St Joseph’s Cathedral Primary School, Swansea
St Joseph’s journey to becoming a School of Sanctuary started in 2017, as part of the Lead Creative Schools initiative funded by the Welsh Assembly Government and the Arts Council for Wales which was entitled ‘journey’. During this project pupils explored immigration of the early Irish settlers to Greenhill and collaborated with artists Mandy Lane, Bill and Rachel Taylor- Beales. Our work from this project has been installed in the Tate Exchange in Tate Modern, London, Taliesin, Swansea Museum as part of their ‘One Abertawe’ festival and in April 2019 in The Senedd. The result of those early Irish immigrants’ hard work and labour are Swansea Cathedral and St Joseph’s school that still stand here today- a testament to the challenges and struggles they faced.
This initial project encouraged a greater exploration of the lives of refugees and the people who have welcomed them. As a diverse, multiethnic and cultural school, St Joseph’s wants the children in their school to live in a world where every child feels safe and accepted regardless of what they believe, where they are from or what they look like; a place where cultural diversity is valued and celebrated. During their journey to become a School of Sanctuary students and staff made effort to learn about sanctuary issues, embed welcome and share their activities with the wider community.
Their second project ‘Sanctuary- the Road to Belonging’ saw artists engaging with pupils, staff and parents including those from sanctuary-seeking backgrounds in activities that explored themes of trust and belonging. This also enabled the school to review how they engage and work with individuals and with groups new to the country and local community. The entire school community – pupils, parents and staff participated in this project where children were asked to record what sanctuary and home meant to them through artwork and using their home languages. These words were then incorporated into a collaborative Sanctuary sculpture and the children also used their chosen words to write and compose a song about sanctuary. The work from both projects can currently be seen in the Oriel Science Gallery in Swansea.
Different year groups also engaged in specific learning activities. For example, Year 5 learnt about one person’s experience of seeking sanctuary when he came in to speak to the children. They learnt how it was too dangerous to return to his country – The Democratic Republic of Congo. He also explained how he had been removed from Swansea and detained for deportation but that so many people had signed a petition for his return to Swansea until his appeal is heard that he was released.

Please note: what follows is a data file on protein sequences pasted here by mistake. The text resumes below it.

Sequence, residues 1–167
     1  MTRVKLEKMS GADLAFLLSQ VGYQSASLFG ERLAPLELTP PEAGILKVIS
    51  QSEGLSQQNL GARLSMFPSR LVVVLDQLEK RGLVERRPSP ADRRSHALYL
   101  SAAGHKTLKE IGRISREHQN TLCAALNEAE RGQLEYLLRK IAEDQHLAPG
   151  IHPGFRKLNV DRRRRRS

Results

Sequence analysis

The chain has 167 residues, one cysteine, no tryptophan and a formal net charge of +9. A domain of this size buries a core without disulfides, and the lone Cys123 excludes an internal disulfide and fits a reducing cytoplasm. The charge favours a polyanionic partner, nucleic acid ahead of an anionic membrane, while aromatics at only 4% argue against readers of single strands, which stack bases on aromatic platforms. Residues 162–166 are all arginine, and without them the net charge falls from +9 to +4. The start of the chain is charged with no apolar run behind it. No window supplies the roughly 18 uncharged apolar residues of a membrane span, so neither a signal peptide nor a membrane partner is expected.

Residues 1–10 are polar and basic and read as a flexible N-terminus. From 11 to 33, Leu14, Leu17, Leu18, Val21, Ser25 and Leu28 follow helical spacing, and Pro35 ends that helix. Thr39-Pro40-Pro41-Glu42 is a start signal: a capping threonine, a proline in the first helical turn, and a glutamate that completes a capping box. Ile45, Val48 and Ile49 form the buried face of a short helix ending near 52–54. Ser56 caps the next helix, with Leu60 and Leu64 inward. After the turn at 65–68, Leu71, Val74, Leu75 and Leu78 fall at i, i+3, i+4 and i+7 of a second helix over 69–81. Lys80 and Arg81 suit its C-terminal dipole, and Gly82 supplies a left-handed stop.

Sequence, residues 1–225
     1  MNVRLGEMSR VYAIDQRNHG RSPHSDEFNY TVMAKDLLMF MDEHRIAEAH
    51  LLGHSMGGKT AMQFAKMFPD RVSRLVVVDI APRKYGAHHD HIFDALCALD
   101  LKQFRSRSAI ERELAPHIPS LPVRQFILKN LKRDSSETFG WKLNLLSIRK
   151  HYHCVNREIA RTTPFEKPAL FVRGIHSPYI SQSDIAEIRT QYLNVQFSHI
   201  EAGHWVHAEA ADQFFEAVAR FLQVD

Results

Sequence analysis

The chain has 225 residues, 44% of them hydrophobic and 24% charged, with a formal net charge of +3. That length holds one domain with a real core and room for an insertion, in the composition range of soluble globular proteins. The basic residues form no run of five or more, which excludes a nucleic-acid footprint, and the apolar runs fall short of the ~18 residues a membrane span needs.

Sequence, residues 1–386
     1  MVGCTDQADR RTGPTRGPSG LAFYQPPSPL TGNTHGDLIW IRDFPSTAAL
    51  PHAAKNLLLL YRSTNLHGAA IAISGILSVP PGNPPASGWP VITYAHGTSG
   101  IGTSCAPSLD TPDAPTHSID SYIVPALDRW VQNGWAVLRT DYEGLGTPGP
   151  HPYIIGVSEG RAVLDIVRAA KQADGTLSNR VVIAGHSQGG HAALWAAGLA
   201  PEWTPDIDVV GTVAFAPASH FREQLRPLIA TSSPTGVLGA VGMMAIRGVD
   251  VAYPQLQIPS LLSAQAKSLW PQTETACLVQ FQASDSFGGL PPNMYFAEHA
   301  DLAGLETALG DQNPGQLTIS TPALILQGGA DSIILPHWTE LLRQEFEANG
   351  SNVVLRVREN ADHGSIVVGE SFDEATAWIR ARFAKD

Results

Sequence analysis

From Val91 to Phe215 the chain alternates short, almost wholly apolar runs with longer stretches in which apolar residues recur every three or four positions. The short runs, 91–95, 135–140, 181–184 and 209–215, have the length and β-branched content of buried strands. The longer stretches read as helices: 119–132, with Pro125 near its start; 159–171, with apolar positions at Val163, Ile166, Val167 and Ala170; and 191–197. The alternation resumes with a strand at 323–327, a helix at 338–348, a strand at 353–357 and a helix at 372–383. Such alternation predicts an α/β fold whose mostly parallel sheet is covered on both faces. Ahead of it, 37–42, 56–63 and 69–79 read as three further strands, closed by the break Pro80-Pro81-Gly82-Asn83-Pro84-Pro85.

The school has also sought to improve its practice with regards to meeting the holistic needs of students from sanctuary seeking backgrounds and their families throughout the process of becoming a School of Sanctuary.
Within St Joseph’s School, there are thirty-three children who have been identified as from asylum seekers or refugee families. As this is not information gathered on the school application form, it is not always easy to identify families who do come within this category. However, knowing some of the difficult situations asylum seekers or refugee families are experiencing through poor housing, lack of safety and security and living with much uncertainty, the school seeks to sensitively engage with families in order to identify issues of vulnerability and thereby most appropriately support them. Nonetheless, this is made difficult as the Welsh Government identifies funding for schools to support vulnerable pupils through its pupil development grant which is based on families where the child receives free school meals. As asylum seeking children are unable to claim free school meals, this further disadvantages them. Despite these challenges, St Joseph’s recognises the need to integrate and support the increasing number of asylum seekers or refugee pupils and families to their school and that all children in their care are entitled to the very best education that they can offer.